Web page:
Australia needs to make key decisions about the future of its lithium sector in the coming months to capitalise on the huge economic potential, according to the Australian Government’s chief economist Mark Cully.
The emerging industry has the opportunity to earn hundreds of billions of dollars and create thousands of jobs in the country, the Chief Economist’s Office today reported in its latest Resource and Energy Quarterly.
Cully highlights the rapid growth of the lithium industry in Australia in the report, most recently headlined by the start-up of Pilbara Minerals and Altura Mining’s projects at Pilgangoora in the Pilbara, Western Australia.
The expected rise in output from this growth would leave Australia accounting for almost 80 per cent of global supply from hard rock deposits, Cully explained.
Global lithium demand is expected to rise from 149,000 tonnes lithium carbonate equivalent (LCE) to 1.3Mt LCE in 2027, with 90 per cent of growth driven by electric vehicles (EV).
Cully believes Australia has strong potential to move to the centre of the global lithium supply chain given its geological advantage.
However, he said the core question at the moment was whether Australia could become a destination for high-grade lithium refining.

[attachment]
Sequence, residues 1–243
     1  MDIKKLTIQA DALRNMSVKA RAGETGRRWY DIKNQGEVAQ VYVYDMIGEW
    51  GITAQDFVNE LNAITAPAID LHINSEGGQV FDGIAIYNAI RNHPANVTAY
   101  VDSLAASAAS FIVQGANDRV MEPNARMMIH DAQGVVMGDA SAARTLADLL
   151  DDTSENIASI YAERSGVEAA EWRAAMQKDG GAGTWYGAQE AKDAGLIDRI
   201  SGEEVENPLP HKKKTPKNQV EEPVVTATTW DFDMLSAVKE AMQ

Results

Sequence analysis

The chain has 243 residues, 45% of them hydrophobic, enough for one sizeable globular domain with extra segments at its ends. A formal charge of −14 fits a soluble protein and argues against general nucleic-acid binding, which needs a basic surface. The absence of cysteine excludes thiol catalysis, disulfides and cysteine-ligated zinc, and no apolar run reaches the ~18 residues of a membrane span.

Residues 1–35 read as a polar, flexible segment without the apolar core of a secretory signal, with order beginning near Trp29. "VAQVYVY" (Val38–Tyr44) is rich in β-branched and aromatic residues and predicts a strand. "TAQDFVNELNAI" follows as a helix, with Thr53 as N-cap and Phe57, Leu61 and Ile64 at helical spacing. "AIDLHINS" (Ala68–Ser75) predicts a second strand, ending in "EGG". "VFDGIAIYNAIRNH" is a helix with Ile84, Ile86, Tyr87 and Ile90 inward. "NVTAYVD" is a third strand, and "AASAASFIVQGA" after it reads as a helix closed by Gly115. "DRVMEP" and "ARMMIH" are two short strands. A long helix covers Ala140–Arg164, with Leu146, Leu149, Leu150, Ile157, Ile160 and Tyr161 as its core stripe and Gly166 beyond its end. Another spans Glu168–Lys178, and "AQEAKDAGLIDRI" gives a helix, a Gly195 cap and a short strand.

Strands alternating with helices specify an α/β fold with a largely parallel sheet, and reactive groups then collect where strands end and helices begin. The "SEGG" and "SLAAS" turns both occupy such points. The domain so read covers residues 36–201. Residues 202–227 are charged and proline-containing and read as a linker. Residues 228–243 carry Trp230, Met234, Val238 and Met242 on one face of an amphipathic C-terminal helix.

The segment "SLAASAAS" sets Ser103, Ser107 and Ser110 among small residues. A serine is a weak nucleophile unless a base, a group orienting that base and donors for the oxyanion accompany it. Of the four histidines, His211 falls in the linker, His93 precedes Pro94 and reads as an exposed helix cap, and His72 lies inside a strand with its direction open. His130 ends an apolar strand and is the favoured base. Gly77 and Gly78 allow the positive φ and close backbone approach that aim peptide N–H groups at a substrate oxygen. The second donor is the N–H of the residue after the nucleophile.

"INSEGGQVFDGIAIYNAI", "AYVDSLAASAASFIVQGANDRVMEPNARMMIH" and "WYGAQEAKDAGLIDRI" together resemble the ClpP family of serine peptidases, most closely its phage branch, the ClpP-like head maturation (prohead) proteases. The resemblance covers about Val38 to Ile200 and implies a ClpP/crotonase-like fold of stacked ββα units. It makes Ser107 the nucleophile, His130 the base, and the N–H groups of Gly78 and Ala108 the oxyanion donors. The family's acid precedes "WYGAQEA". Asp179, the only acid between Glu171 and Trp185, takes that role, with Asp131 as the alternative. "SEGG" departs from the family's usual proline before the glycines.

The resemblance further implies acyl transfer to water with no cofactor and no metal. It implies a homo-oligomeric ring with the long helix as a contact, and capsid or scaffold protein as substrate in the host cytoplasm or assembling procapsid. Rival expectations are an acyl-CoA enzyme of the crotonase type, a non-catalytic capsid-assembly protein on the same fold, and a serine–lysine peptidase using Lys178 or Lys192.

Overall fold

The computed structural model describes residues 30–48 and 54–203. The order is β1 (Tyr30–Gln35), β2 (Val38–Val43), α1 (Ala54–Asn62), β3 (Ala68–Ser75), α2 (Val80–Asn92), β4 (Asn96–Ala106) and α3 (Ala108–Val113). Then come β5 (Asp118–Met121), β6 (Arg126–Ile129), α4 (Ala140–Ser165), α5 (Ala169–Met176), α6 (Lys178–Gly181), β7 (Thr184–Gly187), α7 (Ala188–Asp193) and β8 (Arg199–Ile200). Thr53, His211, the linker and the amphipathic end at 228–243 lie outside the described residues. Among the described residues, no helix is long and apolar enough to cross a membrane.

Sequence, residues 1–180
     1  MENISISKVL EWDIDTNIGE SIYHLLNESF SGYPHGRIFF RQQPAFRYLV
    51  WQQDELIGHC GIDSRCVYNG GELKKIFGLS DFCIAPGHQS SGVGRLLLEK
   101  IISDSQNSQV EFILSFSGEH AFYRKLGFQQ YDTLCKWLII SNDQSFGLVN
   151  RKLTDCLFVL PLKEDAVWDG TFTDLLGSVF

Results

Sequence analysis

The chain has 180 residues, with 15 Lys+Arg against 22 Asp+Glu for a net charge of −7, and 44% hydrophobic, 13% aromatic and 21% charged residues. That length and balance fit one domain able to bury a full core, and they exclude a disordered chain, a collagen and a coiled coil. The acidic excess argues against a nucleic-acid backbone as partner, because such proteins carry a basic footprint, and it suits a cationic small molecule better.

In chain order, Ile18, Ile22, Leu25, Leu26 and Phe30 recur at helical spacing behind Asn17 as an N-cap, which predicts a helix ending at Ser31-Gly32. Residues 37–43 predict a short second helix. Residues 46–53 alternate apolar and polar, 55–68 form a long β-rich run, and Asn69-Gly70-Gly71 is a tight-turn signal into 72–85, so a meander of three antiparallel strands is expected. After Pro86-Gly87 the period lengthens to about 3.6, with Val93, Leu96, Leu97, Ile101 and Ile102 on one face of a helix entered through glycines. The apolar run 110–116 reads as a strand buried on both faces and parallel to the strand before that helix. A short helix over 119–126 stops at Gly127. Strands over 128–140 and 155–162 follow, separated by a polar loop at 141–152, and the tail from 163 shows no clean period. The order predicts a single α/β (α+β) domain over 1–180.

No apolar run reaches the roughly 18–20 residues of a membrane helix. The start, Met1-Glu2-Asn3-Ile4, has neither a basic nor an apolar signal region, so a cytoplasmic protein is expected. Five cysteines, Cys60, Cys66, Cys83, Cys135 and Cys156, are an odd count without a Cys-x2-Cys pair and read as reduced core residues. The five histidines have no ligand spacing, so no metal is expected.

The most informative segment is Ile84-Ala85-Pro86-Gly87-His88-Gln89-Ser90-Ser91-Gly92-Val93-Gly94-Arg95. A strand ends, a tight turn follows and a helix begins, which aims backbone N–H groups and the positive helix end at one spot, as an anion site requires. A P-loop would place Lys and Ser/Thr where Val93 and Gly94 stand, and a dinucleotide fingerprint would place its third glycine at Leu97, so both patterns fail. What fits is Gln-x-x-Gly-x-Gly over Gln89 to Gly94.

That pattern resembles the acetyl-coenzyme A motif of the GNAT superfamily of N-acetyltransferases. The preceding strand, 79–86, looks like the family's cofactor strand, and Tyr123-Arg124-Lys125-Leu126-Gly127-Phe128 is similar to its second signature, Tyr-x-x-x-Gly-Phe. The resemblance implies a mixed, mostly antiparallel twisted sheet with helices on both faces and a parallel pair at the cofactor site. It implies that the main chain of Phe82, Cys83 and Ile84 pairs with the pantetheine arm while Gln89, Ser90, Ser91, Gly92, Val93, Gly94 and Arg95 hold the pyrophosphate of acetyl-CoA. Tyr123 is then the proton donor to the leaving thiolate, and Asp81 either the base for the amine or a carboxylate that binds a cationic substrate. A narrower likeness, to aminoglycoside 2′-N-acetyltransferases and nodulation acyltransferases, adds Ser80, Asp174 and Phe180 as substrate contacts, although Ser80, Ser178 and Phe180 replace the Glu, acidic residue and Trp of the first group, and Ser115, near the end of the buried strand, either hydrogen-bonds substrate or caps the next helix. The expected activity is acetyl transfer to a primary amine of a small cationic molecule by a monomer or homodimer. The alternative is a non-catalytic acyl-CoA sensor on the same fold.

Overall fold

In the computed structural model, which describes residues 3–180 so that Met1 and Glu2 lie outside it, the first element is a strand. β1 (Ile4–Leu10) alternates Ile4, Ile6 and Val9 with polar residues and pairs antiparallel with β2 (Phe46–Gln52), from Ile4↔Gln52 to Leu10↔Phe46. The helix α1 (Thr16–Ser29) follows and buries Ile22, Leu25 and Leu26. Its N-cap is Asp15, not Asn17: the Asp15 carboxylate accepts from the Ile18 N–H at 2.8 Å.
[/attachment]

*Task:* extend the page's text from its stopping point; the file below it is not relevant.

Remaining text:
“Various factors will need to be considered, such as site pre-approvals, research and development, and access to skilled workers,” Cully said in the report’s special feature on lithium.
“Given the pace of change and efforts now under way to solidify the supply chain, it is likely that key decisions around the future of lithium in Australia will need to be made within the next few months.
“Countries which capitalise on the opportunities of the emerging global lithium market could earn hundreds of billions of dollars in coming decades, and could play a pivotal role in fostering a new wave of clean energy technology around the world.”
Australia’s growth in new mines has been supported by investment in beneficiation, with five plants now planned or under construction in Western Australia.
This combination of investment in lithium has led to a spike in employment in Western Australia that is on track to continue.
“The number of full-time workers on lithium projects in Western Australia has increased from 399 in December 2014 to more than 2600, with thousands more to come,” Cully said.
Prime Minister Scott Morrison and Resources Minister Matt Canavan are in Perth today to discuss Australia’s lithium opportunity with the state’s industry representatives.
Association of Mining and Exploration Companies (AMEC) chief executive Warren Pearce said he would be asking for strong leadership from the government to grasp the battery minerals opportunity.
“Over $3 billion is committed to the development of lithium mines and there are five refineries in construction. The question is how far down the battery mineral chain will Australia choose to go?” Pearce said.
“As the quarterly identifies government choices and policy will play an important role in the immediate future, the Chief Economist’s Office suggests action is needed in the coming months. Otherwise, Australia risks missing out on the opportunity to value add to our own minerals.”